Close this search box.


Intergenerational Workforce: Maximizing Strengths for Workplace Success in 2019

Intergenerational Workforce: Maximizing Strengths for Workplace Success in 2019

by Rich Miller-Murphy

The intergenerational workforce is now the norm. Ever wonder why it seems harder and harder to get people to work together?  Even in your own workplace, conflict is inevitable given so many age/generation variations working or trying to work side by side.

Today we have 4 or even 5 generations of workers in companies…

Traditionalists – born before 1946

Baby-boomers – born between 1946 and 1965

Gen Xers – born between 1965 and 1980

Gen Y (or Millennials) – born between 1981 and 1996

Gen Z (or Gen 2020) – born after 1996

When you then couple diversity with intergenerational workers, you definitely can encounter leadership challenges!

Diversity + Intergenerational Workforce = Leadership Challenges

Intergenerational Workforce Success: An Example

At our workplace, New York Blood Center Enterprises, we have staff from over 50 diverse cultures and all of the above mentioned generations working together.  We try to maximize individual contributions by recognizing that each group has special areas of expertise to offer the collective corporate mission and everyone wants to help us achieve results.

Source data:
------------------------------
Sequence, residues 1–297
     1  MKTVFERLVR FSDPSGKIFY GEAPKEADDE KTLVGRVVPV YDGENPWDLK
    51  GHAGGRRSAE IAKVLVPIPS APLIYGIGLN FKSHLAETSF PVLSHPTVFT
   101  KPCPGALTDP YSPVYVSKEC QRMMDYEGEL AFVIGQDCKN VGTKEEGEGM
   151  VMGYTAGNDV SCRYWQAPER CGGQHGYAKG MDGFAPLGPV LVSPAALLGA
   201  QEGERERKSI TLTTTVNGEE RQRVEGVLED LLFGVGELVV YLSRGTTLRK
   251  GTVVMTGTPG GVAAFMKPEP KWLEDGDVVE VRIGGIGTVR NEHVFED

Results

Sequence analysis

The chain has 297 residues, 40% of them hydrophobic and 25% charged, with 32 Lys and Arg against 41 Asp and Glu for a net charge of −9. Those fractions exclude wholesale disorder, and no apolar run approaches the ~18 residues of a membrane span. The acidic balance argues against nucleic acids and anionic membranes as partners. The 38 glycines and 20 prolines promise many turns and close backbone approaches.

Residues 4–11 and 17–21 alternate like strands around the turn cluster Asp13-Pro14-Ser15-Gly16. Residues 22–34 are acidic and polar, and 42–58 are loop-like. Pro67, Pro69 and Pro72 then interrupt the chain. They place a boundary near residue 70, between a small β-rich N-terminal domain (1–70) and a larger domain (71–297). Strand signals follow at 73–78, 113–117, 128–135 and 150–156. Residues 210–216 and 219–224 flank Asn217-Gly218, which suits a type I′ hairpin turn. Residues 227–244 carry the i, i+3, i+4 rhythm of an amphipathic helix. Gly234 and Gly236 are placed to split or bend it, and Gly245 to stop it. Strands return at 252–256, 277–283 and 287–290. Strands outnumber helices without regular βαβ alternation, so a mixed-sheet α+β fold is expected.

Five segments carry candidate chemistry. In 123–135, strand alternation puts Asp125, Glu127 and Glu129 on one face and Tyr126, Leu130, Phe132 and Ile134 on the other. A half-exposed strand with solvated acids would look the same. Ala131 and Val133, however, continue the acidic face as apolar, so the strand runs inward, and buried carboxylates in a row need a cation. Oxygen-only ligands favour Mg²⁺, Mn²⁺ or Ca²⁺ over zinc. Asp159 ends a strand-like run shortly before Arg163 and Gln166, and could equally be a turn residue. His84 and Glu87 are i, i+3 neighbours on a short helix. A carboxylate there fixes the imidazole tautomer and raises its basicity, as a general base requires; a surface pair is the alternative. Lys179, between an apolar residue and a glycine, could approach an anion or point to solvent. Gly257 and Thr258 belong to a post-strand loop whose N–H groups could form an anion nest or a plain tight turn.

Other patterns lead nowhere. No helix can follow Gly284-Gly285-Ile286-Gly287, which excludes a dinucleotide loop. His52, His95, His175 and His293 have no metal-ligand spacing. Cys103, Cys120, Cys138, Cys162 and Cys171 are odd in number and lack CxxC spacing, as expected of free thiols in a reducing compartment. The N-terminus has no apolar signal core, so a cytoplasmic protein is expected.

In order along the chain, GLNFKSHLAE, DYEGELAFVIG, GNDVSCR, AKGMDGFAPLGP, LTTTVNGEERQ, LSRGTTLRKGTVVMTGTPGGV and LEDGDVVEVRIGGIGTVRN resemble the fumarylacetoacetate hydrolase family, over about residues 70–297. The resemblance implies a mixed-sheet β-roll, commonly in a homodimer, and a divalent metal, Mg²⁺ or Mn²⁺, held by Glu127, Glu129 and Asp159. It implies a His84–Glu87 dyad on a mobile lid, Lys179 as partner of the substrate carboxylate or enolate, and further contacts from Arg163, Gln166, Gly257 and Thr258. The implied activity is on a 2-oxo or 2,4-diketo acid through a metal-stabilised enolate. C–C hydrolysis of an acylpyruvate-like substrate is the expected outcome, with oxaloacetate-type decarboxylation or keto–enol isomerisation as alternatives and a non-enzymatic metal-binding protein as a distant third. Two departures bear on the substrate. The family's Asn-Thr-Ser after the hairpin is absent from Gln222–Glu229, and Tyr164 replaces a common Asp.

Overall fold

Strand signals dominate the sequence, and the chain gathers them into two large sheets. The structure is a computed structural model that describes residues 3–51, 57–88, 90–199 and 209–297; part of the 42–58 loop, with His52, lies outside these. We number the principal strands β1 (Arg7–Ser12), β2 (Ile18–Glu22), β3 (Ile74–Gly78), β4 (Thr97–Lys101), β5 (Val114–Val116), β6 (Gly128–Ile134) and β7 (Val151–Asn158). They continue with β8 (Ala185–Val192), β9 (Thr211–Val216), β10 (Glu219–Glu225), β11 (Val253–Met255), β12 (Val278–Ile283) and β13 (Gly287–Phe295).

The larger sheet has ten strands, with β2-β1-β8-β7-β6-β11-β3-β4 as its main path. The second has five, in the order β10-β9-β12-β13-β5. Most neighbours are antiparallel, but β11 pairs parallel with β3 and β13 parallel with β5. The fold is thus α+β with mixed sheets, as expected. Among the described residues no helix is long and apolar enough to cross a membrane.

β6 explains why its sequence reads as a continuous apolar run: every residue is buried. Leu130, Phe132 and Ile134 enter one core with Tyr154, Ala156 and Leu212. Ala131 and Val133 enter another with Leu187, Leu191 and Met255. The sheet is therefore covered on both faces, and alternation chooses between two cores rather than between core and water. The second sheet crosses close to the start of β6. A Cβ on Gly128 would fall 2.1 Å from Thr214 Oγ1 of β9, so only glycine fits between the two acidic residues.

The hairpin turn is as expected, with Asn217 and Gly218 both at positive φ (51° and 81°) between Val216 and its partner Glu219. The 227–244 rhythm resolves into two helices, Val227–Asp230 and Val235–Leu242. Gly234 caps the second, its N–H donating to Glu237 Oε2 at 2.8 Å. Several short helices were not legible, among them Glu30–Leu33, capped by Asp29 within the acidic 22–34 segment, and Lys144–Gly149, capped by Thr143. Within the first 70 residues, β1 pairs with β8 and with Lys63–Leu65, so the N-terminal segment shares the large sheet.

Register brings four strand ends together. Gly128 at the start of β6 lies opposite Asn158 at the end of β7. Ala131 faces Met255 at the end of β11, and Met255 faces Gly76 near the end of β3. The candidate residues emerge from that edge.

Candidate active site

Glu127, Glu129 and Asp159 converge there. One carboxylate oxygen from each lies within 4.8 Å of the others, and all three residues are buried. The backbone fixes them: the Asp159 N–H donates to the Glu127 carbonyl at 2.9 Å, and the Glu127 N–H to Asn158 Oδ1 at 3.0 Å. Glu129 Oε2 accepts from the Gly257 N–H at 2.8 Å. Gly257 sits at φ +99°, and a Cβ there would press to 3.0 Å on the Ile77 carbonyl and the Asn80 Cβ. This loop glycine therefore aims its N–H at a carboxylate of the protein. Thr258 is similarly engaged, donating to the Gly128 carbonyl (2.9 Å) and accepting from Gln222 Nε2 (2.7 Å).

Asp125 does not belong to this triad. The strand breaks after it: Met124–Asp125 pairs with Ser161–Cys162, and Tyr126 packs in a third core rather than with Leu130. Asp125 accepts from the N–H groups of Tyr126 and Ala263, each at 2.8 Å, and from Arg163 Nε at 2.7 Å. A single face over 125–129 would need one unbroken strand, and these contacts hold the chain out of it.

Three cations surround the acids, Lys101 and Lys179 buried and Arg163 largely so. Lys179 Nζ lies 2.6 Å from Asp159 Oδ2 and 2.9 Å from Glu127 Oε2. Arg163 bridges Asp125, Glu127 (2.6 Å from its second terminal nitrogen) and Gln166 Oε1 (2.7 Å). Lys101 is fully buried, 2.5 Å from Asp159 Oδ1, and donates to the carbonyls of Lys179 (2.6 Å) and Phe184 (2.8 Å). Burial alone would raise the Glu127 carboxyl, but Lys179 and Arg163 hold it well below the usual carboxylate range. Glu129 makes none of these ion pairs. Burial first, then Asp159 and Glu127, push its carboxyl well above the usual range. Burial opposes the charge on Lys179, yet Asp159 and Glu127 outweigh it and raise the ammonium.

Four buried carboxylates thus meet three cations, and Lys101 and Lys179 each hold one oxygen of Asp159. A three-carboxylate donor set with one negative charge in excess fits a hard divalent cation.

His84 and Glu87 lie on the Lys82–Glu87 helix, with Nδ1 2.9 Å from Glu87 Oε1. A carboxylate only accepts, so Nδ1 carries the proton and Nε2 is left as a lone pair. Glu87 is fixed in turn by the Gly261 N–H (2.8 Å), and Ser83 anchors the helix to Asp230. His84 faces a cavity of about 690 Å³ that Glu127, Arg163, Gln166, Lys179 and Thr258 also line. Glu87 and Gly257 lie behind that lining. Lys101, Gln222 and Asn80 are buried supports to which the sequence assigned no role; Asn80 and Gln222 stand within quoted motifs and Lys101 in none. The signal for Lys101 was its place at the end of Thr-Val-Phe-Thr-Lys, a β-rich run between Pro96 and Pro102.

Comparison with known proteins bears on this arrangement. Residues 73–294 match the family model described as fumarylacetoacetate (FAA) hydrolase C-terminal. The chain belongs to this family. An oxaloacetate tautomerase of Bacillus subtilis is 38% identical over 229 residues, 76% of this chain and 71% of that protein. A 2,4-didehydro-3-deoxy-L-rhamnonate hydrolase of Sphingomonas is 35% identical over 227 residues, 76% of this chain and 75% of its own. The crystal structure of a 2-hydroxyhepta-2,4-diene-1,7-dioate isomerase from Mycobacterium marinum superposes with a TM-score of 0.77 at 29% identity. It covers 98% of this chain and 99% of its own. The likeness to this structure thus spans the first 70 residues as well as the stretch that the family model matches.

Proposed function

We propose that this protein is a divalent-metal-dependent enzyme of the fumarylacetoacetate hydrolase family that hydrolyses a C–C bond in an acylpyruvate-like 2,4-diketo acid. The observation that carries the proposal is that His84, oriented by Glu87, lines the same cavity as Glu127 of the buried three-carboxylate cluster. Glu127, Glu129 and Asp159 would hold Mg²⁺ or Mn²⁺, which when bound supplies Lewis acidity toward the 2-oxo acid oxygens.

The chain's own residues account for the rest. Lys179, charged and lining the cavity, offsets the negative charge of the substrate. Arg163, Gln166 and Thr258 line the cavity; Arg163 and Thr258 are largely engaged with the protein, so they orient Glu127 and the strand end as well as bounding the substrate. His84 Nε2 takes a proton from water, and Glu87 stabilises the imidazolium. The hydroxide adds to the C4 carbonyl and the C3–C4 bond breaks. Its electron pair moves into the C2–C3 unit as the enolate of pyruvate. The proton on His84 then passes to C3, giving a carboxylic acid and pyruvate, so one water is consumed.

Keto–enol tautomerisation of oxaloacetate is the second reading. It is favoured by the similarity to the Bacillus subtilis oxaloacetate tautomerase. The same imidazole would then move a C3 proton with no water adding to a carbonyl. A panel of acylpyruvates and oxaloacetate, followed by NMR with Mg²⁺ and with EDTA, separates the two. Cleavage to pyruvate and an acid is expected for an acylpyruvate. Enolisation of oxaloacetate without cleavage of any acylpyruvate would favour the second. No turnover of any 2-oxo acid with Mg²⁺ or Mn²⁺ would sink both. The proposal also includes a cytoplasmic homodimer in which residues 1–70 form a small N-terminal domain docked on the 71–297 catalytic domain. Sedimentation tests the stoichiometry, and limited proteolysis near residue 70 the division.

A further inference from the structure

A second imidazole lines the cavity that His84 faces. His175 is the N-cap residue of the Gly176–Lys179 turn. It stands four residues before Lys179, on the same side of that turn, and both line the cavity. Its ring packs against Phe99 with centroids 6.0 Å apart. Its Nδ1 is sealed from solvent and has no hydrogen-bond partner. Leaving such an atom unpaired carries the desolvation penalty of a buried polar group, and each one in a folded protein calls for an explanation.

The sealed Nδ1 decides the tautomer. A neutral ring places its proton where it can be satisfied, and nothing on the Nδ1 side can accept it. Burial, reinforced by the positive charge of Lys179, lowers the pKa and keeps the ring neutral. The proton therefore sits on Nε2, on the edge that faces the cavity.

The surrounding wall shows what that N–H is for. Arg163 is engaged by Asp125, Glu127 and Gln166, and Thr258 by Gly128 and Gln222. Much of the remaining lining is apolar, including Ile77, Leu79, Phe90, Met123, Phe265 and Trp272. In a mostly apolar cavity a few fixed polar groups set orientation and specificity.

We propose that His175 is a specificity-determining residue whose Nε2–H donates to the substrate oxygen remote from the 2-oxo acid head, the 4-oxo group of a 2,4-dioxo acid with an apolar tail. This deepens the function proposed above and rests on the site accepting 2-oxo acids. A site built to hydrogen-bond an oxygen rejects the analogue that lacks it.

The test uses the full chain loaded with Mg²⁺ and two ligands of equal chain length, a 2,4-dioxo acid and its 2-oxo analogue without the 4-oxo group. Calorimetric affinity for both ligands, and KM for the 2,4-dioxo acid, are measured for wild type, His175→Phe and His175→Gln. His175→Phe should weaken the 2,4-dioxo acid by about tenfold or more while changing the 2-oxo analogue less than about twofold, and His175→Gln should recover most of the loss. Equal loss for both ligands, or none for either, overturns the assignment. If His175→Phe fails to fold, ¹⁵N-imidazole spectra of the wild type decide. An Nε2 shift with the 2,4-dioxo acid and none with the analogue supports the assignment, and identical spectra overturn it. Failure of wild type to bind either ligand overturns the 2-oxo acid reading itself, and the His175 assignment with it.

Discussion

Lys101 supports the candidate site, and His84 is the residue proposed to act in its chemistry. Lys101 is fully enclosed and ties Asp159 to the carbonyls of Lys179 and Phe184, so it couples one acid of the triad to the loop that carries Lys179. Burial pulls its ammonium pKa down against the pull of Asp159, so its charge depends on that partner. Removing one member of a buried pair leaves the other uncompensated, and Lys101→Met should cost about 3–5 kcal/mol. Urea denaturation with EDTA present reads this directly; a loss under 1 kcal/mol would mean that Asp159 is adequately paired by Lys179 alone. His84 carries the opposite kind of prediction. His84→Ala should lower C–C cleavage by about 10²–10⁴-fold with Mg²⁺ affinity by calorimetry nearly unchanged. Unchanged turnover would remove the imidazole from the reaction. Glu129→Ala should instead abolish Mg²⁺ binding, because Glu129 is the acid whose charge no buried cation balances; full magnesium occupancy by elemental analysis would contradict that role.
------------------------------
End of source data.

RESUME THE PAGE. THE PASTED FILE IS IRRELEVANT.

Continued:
• We start by recognizing and encouraging active communication.
  • We assign work in areas of digital competence.
  • We offer continuous training and assistance among generational colleagues.

(Some people learn in the classroom, some via PPT, some hands-on and some online!)

  • We learn from each other without taking things too personally!

Part of our leadership challenge is to strategically “Drive Everything Digital” and we started this by introducing the Salesforce CRM platform in 2010.  Now we are still training people and looking to move to the next level of Marketing automation and artificial intelligence.  But it has been challenging to keep everyone moving forward and learning.  We have started charting out pathways to learning digital skills by incorporating weekly training calls via ZOOM and bi-weekly in-person meetings to review basic platform functionality and processes.  We’re excited about our growth and that’s what keeps us focused.

Recommended Online Reference:  https://trailhead.salesforce.com/

Rich Miller-Murphy has worked in the healthcare industry for over twenty-five years, currently as Executive Director at New York Blood Center Enterprises (NYBCe) focusing on marketing initiatives for the organization’s Blood, Medical and Laboratory Services areas. Previously at NYBC, he was Chief – Strategy & Marketing, Office of the President and also managed the Office of Contracts/Pricing Administration for this $500M+ provider of blood products, research and medical programs serving patients locally, nationally and globally.